Jason Brooks recently posed a question. What are we supposed to call the season that is upcoming, or, to judge from the decorations in the stores, has been here since July?
Never one to miss a challenge, I’m going to attempt to definitively answer the question once and for all. If you are talking about Christmas, that is, the holiday that occurs on December 25th each year, you should call it Christmas. Likewise, without debating the origin, whether pagan or traditional or whatever, things associated with Christmas, such as decorated trees, Rudolph and his reindeer friends, and Santa Claus are Christmas decorations. The word is simply accurate and descriptive.
A little bit of disclosure to explain my perspective here: I am Jewish. Phrased a different way, I am not Christian. This means that Christmas is not my holiday. I don’t put up a tree, I don’t decorate my house, I don’t worry about anyone falling off the roof trying to put up lights, and I don’t have a family dinner or go to church to commemorate the birth of Christ. (I do, however, usually go out for Chinese food with other Jews as is Our Tradition. Sometimes we go to the movies. There is nothing else to do on December 24 and 25 and no one else will play with us.) Christmas, aside from the ubiquitous, in-your-face-everywhere nature of it here in the Deep South, is to me what Yom Kippour or Tisha B’av is to a non-Jew.
So I suppose the question isn’t what we call the day itself, or the things obviously associated with the holiday, but what we call the period of time of general festiveness that occurs this time of year without, well, without offending people like me. The answer really depends upon the context, but more often than not “Christmas” is the answer. For example, this year, Chanukkah begins the evening BEFORE Thanksgiving. Chanukkah, by the way, is an extremely minor holiday on the Jewish calendar: it only gets a lot of press as a sort of PR counter to Christmas to make Jewish kids feel included in the season — imagine how you’d feel at the age of, say 8, when everyone was getting ready for a big birthday party you weren’t invited to. You’d feel pretty darned left out. This year, Chanukkah will all be over before the first week in December is over. From that point forward, it would simply be inaccurate to include any Jewish holidays in naming the season. Whether or not you celebrate Christmas, it is still the Christmas season. Just like Ramadan occurs whether or not it has any religious significance to me.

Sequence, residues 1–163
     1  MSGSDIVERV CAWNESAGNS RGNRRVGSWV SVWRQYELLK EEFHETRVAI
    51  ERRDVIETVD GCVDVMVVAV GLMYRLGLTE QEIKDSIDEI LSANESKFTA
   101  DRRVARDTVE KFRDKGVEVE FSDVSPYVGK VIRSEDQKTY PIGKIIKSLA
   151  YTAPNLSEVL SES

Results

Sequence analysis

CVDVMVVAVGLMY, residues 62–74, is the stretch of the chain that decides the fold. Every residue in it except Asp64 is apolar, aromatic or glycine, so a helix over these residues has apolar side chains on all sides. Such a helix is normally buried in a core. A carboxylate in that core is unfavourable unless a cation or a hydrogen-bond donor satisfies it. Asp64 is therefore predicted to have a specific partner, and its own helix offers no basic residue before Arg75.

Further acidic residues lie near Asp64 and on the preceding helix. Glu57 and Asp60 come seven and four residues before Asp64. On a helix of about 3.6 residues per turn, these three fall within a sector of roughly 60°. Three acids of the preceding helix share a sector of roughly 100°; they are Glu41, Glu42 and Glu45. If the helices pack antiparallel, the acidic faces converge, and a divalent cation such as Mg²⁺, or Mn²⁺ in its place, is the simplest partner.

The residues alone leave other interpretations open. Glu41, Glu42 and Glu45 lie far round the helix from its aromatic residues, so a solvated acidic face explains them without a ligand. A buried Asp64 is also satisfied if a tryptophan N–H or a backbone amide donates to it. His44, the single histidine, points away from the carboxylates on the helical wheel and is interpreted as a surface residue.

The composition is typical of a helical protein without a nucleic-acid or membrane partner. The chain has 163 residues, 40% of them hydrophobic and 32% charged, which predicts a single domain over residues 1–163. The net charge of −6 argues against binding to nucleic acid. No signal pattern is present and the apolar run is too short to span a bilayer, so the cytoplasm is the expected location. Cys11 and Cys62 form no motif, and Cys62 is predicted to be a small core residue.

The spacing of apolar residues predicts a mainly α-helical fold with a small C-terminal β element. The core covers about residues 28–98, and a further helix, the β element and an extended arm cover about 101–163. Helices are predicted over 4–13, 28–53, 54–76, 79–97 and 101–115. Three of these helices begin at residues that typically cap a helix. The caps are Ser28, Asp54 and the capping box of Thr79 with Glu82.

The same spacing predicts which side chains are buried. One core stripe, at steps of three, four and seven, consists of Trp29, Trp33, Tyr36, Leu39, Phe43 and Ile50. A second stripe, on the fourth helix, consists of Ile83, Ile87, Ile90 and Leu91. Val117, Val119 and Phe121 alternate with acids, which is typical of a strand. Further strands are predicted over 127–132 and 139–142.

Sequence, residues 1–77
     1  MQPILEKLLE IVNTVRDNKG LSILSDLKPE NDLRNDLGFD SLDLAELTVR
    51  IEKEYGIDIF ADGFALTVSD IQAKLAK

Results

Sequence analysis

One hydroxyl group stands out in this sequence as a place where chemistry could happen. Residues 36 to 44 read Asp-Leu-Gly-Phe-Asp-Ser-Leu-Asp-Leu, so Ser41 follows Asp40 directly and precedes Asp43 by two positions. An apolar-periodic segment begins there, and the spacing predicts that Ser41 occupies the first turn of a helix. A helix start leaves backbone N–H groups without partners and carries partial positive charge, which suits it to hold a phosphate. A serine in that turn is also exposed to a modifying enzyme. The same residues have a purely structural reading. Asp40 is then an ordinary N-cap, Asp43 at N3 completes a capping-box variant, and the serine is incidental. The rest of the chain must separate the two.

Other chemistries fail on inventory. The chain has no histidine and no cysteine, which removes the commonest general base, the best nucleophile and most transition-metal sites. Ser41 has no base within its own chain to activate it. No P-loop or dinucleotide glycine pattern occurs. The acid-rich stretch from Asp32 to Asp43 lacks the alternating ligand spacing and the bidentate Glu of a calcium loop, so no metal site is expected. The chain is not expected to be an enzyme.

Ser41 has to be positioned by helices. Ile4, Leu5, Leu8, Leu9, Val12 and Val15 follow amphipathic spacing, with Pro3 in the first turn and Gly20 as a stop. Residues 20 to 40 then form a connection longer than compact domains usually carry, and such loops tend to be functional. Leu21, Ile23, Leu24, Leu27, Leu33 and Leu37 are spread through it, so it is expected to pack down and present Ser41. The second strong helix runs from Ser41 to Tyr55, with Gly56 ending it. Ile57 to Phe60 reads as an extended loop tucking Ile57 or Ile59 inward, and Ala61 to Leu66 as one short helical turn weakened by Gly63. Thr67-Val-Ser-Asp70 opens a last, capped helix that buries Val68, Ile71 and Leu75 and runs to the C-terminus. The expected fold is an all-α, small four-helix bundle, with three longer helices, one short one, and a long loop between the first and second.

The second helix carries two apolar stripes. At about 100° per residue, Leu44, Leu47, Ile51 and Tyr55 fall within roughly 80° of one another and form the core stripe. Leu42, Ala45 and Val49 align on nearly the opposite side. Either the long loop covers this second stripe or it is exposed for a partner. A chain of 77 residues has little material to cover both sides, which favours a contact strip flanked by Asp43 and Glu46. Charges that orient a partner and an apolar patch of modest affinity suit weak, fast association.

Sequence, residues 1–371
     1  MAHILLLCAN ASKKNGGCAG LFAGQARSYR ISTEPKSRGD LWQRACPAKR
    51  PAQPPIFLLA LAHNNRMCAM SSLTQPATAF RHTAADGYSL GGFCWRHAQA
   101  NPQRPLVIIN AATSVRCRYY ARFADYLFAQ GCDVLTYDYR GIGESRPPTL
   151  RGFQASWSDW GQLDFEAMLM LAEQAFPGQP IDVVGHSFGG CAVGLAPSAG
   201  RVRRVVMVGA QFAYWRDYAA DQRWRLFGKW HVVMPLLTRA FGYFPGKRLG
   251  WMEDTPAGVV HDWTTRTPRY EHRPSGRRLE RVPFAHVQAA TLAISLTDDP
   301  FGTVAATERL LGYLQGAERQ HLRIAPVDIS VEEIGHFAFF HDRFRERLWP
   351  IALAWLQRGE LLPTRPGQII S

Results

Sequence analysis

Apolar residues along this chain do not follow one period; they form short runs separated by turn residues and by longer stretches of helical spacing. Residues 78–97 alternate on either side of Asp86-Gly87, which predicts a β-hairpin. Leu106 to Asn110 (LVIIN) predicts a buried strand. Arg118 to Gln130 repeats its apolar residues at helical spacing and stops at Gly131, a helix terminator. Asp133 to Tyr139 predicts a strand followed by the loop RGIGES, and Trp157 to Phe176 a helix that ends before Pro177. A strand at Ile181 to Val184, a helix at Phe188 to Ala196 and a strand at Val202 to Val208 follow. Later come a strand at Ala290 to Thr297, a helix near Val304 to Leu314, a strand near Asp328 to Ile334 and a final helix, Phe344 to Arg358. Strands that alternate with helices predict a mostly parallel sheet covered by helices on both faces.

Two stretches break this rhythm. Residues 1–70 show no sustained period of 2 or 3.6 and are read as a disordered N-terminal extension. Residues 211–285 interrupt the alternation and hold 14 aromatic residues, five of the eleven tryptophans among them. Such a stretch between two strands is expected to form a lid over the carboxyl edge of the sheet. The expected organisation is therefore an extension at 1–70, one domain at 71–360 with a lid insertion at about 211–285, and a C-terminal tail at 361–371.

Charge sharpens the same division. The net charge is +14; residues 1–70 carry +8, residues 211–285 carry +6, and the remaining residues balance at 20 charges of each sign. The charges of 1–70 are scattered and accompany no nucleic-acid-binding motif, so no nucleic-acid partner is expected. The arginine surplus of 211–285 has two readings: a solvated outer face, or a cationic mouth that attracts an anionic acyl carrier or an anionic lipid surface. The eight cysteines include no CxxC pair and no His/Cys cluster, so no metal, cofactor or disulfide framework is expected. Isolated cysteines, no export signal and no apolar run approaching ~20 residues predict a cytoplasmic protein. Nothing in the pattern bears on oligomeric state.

Likewise, when you wish me a Merry Christmas, I take it in the spirit in which it is intended. I’m not anti-Christmas, nor is any Jew I know. I once got my kids’ picture taken with Santa at Wal-Mart, and this confused the heck out of a friend of mine – born and raised in Grayson — who claims that I am the first non-Christian she’s ever met. It made more sense to her when I explained that I would take a free picture of my kids from anyone. Besides, Christmas, December 25, happens no matter what I celebrate, and I want that day, like all days, to be merry. I appreciate people who want me to be merry. I’m all about merriness as a general proposition. But I’ll tell you something else — it means an awful lot to me if you don’t make assumptions about me and my family and what we might or might not be doing in December. It can be an awkward thing when strangers in grocery stores — absolutely in the spirit of friendliness and Good Will Towards Men — ask my young children if they are ready for Santa to come. Once, when my daughter was about four, we went to a Cub Scout dinner thingie during this (wait for it) Christmas Season with my son. Santa was there, and all the kids who sat on his lap got a present. My daughter was not going to pass up the opportunity for a present, and so she sat on his lap. When he asked her what she wanted for Christmas, she explained to Santa that she didn’t want anything for Christmas, as she was Jewish, but she did want a dollhouse for Chanukkah. Santa gave her a wrapped package. She came up to me and unwrapped it. She shook it in my face and said. “Chapstick? I told Santa I wanted a dollhouse and he gave me Chapstick!” At that point she decided the whole Santa thing was ridiculous and regularly brags to her friends that talk incessantly about Christmas this time of year that she’s better off without Santa because she gets eight days of a holiday instead of one.
As with all things, children have the best solution to this problem, one which includes people of all races, religions, creeds, philosophies, and political leanings: My daughter wants to call it the “GIRLZ R TOTALLY AWESOME” time of year. I think that has a nice ring to it. Don’t you?
So yeah. I hope you have a joyful Christmas season or a Happy Chanukkah or a merry Girlz R Totally Awesome season. I hope I do, too. Whatever we call it.
This column is the Yang to Grayson Local Publisher/editor Jason Brooks’ Ying. It initially appeared on fellow Your Local News, Inc. news site Grayson Local.